in some cases, such as mine proved at I amused myself, at this time, by not last to my sorrow, the ends of the ing in my mind all that I could learn from nerves undergo a curious alteration, other limbless folk, and from myself, as and get to be enlarged and altered. to the peculiar feelings which were This change, as I have seen in my noticed in regard to lost members. I practice of medicine, passes up the found that the great mass of men who nerves towards the centres, and occahad undergone amputations, for many sions a more or less constant irritation months felt the usual consciousness of the nerve-fibres, producing neuralgia, that they still had the lost limb. It which is usually referred to that part itched or pained, or was cramped, but of the lost limb to which the affected never felt hot or cold. If they had nerve belongs. This pain keeps the painful sensations referred to it, the brain ever mindful of the missing part, conviction of its existence continued and, imperfectly at least, preserves to unaltered for long periods; but where the man a consciousness of possessing no pain was felt in it, then, by degrees, that which he has not. the sense of having that limb faded Where the pains come and go, as away entirely. I think we may to some they do in certain cases, the subjective extent explain this. The knowledge sensations thus occasioned are very we possess of any part is made up of curious, since in such cases the man the numberless impressions from with loses and gains, and loses and regains, out which affect its sensitive surfaces, the consciousness of the presence of and which are transmitted through its lost parts, so that he will tell you, nerves to the spinal nerve-cells, and “Now I feel my thumb, — now I feel my through them, again, to the brain. We little finger.” I should also add, that are thus kept endlessly informed as to nearly every person who has lost an the existence of parts, because the im- arm above the elbow feels as though pressions which reach the brain are, by the lost member were bent at the ela law of our being, referred by us to bow, and at times is vividly impressed the part from which they came. Now, with the notion that his fingers are when the part is cut off, the nerve- strongly flexed. trunks which led to it and from it, re- Another set of cases present a pecumaining capable of being impressed liarity which I am at a loss to account by irritations, are made to convey to for. Where the leg, for instance, has the brain from the stump impressions been lost, they feel as if the foot was which are as usual referred by the present, but as though the leg were brain to the lost parts, to which these shortened. If the thigh has been taken nerve - threads belonged. In other off, there seems to them to be a foot at words, the nerve is like a bell-wire. You the knee; if the arm, a hand seems to may pull it at any part of its course, be at the elbow, or attached to the stump and thus ring the bell as well as if you itself. pulled at the end of the wire ; but, in As I have said, I was next sent to the United States Army Hospital for themselves, were strong enough. When, Injuries and Diseases of the Nervous however, he lifted these members, the System. Before leaving Nashville, I shoulder - blades stood out from the had begun to suffer the most acute back like wings, and got him the soupain in my left hand, especially the lit- briquet of the Angel. In my ward tle finger; and so perfect was the idea were also the cases of fits, which very which was thus kept up of the real much annoyed me, as upon any great presence of these missing parts, that I change in the weather it was common found it hard at times to believe them to have a dozen convulsions in view at absent. Often, at night, I would try once. Dr. Neek, one of our physicians, with one lost hand to grope for the told me that on one occasion a hunother. As, however, I had no pain in dred and fifty fits took place within the right arm, the sense of the existence thirty-six hours. On my complaining of that limb gradually disappeared, as of these sights, whence I alone could did that of my legs also.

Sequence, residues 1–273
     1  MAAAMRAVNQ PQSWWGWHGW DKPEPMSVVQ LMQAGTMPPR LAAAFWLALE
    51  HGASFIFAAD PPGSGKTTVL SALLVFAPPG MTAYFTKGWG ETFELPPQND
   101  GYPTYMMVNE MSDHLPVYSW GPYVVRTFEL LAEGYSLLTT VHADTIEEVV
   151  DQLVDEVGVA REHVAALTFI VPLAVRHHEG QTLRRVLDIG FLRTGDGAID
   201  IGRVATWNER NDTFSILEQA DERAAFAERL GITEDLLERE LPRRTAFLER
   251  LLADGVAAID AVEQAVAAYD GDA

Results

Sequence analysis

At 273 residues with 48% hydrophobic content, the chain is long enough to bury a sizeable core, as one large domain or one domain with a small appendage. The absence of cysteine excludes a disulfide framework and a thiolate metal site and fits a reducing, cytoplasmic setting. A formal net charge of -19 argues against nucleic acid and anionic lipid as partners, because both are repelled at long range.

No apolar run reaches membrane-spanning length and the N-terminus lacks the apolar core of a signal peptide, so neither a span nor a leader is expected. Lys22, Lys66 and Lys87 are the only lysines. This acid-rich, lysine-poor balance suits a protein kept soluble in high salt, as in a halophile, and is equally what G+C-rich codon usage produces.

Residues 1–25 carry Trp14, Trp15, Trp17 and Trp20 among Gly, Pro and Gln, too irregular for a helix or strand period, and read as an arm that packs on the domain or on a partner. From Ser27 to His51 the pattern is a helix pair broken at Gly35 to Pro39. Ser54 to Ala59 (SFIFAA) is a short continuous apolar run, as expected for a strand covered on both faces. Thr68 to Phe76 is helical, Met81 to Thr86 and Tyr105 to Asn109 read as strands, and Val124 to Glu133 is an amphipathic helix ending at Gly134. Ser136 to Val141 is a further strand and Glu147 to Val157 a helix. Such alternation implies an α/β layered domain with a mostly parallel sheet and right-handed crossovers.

not fly, I was placed in the paralytic Everything was done for my neurals and wound ward, which I found much gia which the doctors could think of; more pleasant. and at length, at my suggestion, I was A month of skilful treatment eased removed to the above-named hospital. me entirely of my aches, and I then It was a pleasant, suburban, old-fash- began to experience certain curious ioned country - seat, its gardens sur feelings, upon which, having nothing to rounded by a circle of wooden, one do and nothing to do anything with, I story wards, shaded by fine trees. reflected a good deal. It was a good There were some three hundred cases while before I could correctly explain of epilepsy, paralysis, St. Vitus's dance, to my own satisfaction the phenomena and wounds of nerves. On one side of which at this time I was called upon me lay a poor fellow, a Dane, who had to observe. By the various operathe same burning neuralgia with which tions already described, I had lost about I once suffered, and which I now learned four fifths of my weight. As a consewas only too common. This man had quence of this, I ate much less than become hysterical from pain. He car usual, and could scarcely have conried a sponge in his pocket, and a bot- sumed the ration of a soldier. I slept te of water in one hand, with which he also but little ; for, as sleep is the reconstantly wetted the burning hand. pose of the brain, made necessary by Every sound increased his torture, and the waste of its tissues during thought be even poured water into his boots to and voluntary movement, and as this keep himself from feeling too sensibly latter did not exist in my case, I needthe rough friction of his soles when ed only that rest which was necessawalking. Like him, I was greatly eased ry to repair such exhaustion of the by having small doses of morphia inject- nerve-centres as was induced by thinked under the skin of my shoulder, with ing and the automatic movements of a hollow needle, fitted to a syringe. the viscera.